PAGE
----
Wednesday, 18 January 2017
Review Promises, Promises
Book by Neil Simon
Based on the Screenplay by Billy Wilder and IAL Diamond
Music by Burt Bacharach and Hal David
How To Succeed In Business
It may be a sacrilege but TLT and her own little musical automobile wondered how many in the audience watching Promises, Promises, based on s classic 1960 movie, were working it out ... "If I had an apartment in New York or even central London for $86.50 a month ..."
But maybe that's the point. The movie on which 1968 musical Promises, Promises is based is Billy Wilder's and IA Diamond's The Apartment. It's the lodging in the title of the film, not the emotion. Promises, Promises felt to us an unusual thing, an angry black comedy, a play, yearning and aching not to be a musical.
Accounts' man in Consolidated Life, CC Baxter, aka Chuck, rents a snug little apartment in New York but has found his own prudential way, he hopes, to consolidate his own promotion up the slippery corporate ladder.
He lends his key on a rota to various middle aged executives for their extra-marital affairs. Even if this means roaming the streets or taking corporate hospitality tickets for sports' games while he's excluded from what should be his own private domain.
It's only when he falls, hook, line and sinker, for gamine Fran, a waitress in the executive dining room, discovers her entanglement with the boss who monopolizes his pad and the threat to her life that the blinkers of corporate advancement fall off.
This revival follows a 2010 New York production riding on the Mad Men wave and transfering the action back to 1962. It also added two of Burt Bacharach's and Hal David's best known pop music hits, Say A Little Prayer and A House Is Not A Home, although the former, probably wisely, is cut from director Bronagh Lagan's production.
Billy Wilder, according to that tome on everyone's virtual bookshelf Wikipedia, was apparently partly inspired by Brit movie Brief Encounter where the adulterous couple, a doctor and a housewife, use an apartment belonging to a friend of the medic. But we think Wilder also looked at the way Coward changed the story from his original play Still Life where the romantic male lead in the film on stage is, to be coy ;), a prize louse.
Maybe Wilder and Diamond had an even more savage first draft of The Apartment. Or maybe book writer of the musical Neil Simon was trying to get under the skin of the movie, adding his own political and sexual subtext.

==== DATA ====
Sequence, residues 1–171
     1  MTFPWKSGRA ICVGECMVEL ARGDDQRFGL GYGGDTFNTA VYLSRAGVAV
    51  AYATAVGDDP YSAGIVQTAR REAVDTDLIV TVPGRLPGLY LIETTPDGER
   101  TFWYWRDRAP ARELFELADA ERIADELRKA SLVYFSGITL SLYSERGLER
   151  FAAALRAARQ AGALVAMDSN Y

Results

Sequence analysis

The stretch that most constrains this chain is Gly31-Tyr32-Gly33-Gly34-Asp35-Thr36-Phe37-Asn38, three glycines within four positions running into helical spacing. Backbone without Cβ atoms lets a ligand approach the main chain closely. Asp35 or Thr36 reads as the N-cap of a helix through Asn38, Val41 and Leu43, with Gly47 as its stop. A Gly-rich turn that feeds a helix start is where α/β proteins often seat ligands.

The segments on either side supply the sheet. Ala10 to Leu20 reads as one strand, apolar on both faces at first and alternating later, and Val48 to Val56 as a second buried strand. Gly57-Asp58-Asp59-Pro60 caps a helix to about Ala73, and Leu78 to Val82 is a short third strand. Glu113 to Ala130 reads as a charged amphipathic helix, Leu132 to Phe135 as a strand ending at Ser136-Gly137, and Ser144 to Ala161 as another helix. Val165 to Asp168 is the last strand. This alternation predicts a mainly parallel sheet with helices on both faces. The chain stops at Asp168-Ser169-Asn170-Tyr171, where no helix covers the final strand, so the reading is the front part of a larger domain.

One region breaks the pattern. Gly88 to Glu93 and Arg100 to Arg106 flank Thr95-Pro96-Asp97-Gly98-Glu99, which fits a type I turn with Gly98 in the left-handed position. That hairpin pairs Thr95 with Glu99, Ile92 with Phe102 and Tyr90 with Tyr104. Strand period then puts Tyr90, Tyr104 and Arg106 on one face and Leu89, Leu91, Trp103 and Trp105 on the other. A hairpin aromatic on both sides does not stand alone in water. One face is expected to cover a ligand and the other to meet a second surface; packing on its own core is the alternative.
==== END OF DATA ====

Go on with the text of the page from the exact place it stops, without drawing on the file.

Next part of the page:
However, especially in the first act, there's a lot of talking for a musical including CC Baxter (the men are great initials' men) speaking directly to the audience making for an uneven tone. It's less moral wavering than a boastful kind of co-conspiracy, even though he's the underdog.
So problematically, the light touch in the movie becomes heavy handed and, especially in our times, dated on stage. The bevy of attractive oven-ready (it's Christmas and there's a Turkey Lurkey Time song wih all the sexy trimmings) young women secretaries and hostesses parade before overweight, cigar chomping executives with apparently no irony. Unlike, say, Frank Loesser's earlier corporate ladder musical.
Still, Gabriel Vick as Chuck Baxter and Daisy Maywood as Fran Kubelik wisely embrace the shades of Jack Lemmon and Shirley MacLaine with a precise delicacy in looks, word and song despite a book which feels as if it should have been thinned down.
The songs are clever enough but don't feel particularly memorable or dynamic apart from A House Is Not A Home and I'll Never Fall In Love Again, which was in the original 1968 production. However, these two songs, with their pop production values, also stand out awkwardly from the rest of the piece.
Alex Young brings welcome relief from the dice loaded in favour of men as a feisty, funny widow picking up Chuck in a bar with A Fact Can Be A Beautiful Thing. John Guerrasio as the cooperative doctor and neighbour also brings a worldly-wise (almost TV sitcom-style) expediency into the show.
Cressida Carré's choreography and the dancing are slick and we were quite taken by Simon Wells's almost Dr Caligari-like simple but effective set with Ben M Rogers' projections. At the same time, it's an amber light for a show with a book which, strangely, feels as if it's being scuppered by being a musical.